His life is upended when he meets Florence (Greta Gerwig, in a career-making performance). She is on Hold: Just out of college, and no job. She has health and abundant energy. She's happy with a purpose. On the other hand, we can't stand Greenberg. But we begin to care about him. Without ever overtly evoking sympathy, Stiller inspires identification. You don't have to like the hero of a movie. But you have to understand him -- better than he does himself, in some cases.
"Hereafter." Clint Eastwood's film was the sort of inward, spiritual film he doesn't make; it considers the idea of an afterlife with tenderness, beauty and a gentle tact. It deals with a few characters who all have issues that involve an afterlife. Matt Damon plays a man who sincerely believes he communicates with the dead, but has fled that ability and taken a low profile job. Cecile De France plays, a newsreader on French television. Bryce Dallas Howard is a young cooking student with a fearful dark place inside. Richard Kind is a man mourning his wife. George and Frankie McLaren play twin brothers, one who is struck by a truck and killed.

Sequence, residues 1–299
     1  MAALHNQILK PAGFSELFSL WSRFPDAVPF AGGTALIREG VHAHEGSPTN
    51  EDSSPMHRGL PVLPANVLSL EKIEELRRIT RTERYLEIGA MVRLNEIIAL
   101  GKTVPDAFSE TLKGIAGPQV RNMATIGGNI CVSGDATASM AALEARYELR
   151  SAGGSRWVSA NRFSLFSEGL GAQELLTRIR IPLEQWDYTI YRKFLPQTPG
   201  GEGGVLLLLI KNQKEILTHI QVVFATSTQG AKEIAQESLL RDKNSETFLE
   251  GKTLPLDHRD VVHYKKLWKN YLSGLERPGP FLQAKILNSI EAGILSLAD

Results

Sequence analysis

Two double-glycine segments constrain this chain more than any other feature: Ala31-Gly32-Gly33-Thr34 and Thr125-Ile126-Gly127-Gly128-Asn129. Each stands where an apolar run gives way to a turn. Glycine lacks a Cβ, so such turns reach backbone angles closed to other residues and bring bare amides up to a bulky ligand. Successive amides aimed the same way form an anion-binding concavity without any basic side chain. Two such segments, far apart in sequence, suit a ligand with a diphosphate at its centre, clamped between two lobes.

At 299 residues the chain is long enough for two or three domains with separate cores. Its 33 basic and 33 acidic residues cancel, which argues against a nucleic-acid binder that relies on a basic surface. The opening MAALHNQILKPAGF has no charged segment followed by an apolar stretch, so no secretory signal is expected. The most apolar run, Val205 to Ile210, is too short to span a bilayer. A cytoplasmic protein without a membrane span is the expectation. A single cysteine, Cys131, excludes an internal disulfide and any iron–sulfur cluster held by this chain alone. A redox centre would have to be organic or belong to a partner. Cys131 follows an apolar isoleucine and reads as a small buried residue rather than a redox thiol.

The Damon character becomes the link between all of them. He seems to have an authentic power, though what it proves is hard to say. Nothing he says need come from the other side. There is a moment handled with love and delicacy in which he says something that is either true or isn't, but is a kindness either way. In that moment perhaps Eastwood is hinting that whether or not there is an afterlife, what we do in this one is what counts.